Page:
"Next month, when the federal government releases data about payments to physicians from pharmaceutical and medical device makers, one-third of the records will be withheld because of data inconsistencies, an official told ProPublica. The issue is the latest hurdle for the federal government as it seeks to launch the already-delayed Open Payments database mandated under the Physician Payment Sunshine Act, a provision of the 2010 Affordable Care Act. Making this information public is a crucial step in promoting greater transparency about conflicts of interest in medicine. The Centers for Medicare and Medicaid Services first turned up flaws in the data in the past two weeks, while investigating a physician's complaint that payments were being attributed to him even though they were made to another physician with the same name.

TRANSCENDING OBAMACARE: A Patient-Centered Plan for Near-Universal Coverage and

Avik Roy
Manhattan Institute
Sat, 2014-08-16
"In 2010, President Obama signed into law the Patient Protection and Affordable Care Act, also known as the “Affordable Care Act,” the “ACA,” or “Obamacare.” The ACA will reduce the number of Americans without health insurance— an important goal—but it will do so by increasing the cost of U.S. health coverage. Increasing the cost of health coverage, in turn, will worsen two of the nation’s most important policy problems. The first of those problems is the increasing unaffordability of private health insurance, a problem that is straining the budgets of middle-income Americans, and hampering social mobility. The second problem is the nation’s grave long-term fiscal instability, a problem primarily driven by government spending on health insurance and health care. Indeed, the ACA will especially drive up the cost of private health insurance that individuals purchase directly.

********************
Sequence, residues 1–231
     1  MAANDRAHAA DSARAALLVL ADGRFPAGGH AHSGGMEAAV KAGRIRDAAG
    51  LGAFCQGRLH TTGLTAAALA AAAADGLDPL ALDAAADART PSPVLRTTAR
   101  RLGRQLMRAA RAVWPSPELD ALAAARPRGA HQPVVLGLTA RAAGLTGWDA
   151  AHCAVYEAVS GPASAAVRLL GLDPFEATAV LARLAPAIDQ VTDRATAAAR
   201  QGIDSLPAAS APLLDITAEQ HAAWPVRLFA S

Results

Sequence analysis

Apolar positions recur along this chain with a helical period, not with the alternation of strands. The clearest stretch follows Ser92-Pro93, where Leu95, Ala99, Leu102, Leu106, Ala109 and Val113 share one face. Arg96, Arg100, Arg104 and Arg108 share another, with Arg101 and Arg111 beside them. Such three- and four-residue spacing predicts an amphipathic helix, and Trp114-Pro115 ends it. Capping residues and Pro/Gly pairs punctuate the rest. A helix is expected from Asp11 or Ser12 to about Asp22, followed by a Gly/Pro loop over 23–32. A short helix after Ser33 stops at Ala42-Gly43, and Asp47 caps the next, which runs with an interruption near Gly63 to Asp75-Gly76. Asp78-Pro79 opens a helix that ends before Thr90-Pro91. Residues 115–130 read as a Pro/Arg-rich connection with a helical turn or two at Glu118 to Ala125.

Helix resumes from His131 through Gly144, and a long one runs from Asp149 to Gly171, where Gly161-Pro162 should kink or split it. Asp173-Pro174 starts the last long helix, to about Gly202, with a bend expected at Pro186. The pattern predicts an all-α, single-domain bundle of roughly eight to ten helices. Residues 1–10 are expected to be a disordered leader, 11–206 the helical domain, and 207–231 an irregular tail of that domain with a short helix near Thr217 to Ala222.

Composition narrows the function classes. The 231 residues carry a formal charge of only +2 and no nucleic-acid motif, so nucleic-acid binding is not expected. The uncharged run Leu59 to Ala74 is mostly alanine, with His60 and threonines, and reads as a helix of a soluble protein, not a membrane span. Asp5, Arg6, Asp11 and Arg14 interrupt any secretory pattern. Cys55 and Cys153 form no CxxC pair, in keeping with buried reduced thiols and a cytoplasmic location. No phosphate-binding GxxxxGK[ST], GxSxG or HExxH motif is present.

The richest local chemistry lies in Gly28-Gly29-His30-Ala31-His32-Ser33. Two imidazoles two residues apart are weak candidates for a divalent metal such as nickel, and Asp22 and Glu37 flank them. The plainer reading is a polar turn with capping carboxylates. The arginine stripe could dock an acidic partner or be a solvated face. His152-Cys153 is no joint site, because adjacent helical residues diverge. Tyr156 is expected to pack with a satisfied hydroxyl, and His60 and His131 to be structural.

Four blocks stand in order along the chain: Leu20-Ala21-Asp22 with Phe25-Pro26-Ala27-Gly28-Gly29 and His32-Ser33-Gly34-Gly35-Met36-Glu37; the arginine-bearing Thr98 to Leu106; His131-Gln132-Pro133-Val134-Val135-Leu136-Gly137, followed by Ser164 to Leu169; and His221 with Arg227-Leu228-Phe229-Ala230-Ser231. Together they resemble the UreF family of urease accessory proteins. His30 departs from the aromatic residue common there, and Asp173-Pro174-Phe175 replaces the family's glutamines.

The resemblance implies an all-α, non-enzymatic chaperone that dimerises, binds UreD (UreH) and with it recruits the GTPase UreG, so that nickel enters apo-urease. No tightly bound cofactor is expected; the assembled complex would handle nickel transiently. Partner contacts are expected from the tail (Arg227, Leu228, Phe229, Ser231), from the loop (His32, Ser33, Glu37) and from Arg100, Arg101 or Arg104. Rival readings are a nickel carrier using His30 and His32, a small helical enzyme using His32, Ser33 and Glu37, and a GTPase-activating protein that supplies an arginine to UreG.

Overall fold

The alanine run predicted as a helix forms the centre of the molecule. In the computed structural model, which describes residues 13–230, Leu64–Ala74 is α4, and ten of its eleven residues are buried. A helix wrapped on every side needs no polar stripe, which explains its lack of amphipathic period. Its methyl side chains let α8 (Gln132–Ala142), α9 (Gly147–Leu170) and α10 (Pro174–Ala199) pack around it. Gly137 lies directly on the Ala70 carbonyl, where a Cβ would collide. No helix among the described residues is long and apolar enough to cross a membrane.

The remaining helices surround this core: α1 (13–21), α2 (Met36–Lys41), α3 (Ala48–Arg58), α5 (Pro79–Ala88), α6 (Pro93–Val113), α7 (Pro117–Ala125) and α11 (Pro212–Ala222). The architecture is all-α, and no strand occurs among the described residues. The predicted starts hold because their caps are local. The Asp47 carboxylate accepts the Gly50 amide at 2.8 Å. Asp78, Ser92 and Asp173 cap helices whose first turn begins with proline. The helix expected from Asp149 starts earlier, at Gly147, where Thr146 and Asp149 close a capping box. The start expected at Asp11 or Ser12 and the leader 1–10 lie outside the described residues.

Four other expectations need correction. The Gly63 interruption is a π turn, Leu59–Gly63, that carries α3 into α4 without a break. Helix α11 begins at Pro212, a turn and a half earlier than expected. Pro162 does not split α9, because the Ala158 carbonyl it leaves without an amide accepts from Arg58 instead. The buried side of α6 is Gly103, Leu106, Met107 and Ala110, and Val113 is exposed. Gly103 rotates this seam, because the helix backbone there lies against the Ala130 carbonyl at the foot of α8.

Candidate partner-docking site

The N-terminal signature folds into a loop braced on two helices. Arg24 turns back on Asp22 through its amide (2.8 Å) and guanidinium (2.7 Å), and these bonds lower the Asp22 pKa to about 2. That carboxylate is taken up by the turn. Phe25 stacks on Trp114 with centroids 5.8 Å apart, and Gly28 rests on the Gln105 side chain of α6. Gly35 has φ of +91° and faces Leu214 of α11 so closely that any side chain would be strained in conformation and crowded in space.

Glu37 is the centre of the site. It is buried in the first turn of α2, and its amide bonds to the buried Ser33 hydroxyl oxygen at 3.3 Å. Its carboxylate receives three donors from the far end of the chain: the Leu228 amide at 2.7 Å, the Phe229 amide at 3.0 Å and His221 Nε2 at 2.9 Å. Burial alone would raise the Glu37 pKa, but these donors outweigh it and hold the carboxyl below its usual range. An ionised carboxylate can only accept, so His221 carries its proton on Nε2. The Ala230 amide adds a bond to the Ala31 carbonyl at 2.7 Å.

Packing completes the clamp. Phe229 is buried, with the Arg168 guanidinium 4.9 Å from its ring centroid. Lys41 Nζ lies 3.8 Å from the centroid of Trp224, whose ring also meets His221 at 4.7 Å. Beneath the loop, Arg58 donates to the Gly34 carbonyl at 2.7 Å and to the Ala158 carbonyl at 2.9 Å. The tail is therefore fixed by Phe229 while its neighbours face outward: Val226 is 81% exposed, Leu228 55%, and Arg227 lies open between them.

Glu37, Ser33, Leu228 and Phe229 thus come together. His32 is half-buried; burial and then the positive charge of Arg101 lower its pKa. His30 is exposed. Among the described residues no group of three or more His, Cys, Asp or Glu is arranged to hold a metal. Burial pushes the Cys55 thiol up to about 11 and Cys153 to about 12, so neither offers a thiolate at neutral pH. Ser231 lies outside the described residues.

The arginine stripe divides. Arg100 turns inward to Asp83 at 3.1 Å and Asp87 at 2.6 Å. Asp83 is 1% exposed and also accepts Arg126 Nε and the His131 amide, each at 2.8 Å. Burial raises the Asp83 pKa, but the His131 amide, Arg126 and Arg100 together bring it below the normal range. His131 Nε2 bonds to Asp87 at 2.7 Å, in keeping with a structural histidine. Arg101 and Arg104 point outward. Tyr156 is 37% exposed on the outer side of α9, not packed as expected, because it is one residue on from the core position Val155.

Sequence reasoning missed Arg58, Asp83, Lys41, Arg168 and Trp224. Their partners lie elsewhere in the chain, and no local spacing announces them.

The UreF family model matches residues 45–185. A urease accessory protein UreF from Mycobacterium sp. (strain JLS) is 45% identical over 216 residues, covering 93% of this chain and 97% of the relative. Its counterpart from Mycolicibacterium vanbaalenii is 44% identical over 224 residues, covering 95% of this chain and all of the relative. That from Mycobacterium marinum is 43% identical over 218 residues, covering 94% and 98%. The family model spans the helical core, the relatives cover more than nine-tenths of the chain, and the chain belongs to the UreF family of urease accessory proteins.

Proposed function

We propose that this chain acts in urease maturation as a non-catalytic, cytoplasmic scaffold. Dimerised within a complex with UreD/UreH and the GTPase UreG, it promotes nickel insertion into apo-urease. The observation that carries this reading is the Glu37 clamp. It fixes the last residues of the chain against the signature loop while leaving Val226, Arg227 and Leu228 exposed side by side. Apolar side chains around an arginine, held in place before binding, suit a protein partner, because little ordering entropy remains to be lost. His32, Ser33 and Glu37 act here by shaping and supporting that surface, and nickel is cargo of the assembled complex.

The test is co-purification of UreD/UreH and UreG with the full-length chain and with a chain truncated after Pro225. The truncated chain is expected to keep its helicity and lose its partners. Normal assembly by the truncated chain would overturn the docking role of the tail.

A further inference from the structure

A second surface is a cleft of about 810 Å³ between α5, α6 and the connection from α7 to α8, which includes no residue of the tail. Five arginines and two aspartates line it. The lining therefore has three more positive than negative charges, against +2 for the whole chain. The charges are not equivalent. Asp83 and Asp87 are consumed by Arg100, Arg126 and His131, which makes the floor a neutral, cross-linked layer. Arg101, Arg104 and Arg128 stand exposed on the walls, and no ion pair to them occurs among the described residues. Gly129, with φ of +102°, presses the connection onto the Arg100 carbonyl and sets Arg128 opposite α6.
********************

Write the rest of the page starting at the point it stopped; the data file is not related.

The Obama Administration Has Little to Tout About Obamacare

Ed Haislmaier
The Daily Signal
Thu, 2014-08-14
"There has not exactly been an overabundance of good news on Obamacare. So it did come as some surprise two weeks ago when the Department of Health and Human Services issued a press release with the headline: “Consumers have saved a total of $9 billion on premiums,” and the subheading; “Health care law will return to families an average refund of $80 each this year.” There is nothing unusual or even untoward about the Obama administration doing what it can to put a positive spin on the law. But what makes this item interesting is it reveals how little the administration actually has to tout about Obamacare and how far it must reach to manufacture a success story. The purpose of the press release was to announce data on the effects of Obamacare’s “medical loss ratio” regulation, which “requires insurers to spend at least 80 percent of premium dollars on patient care and quality improvement activities.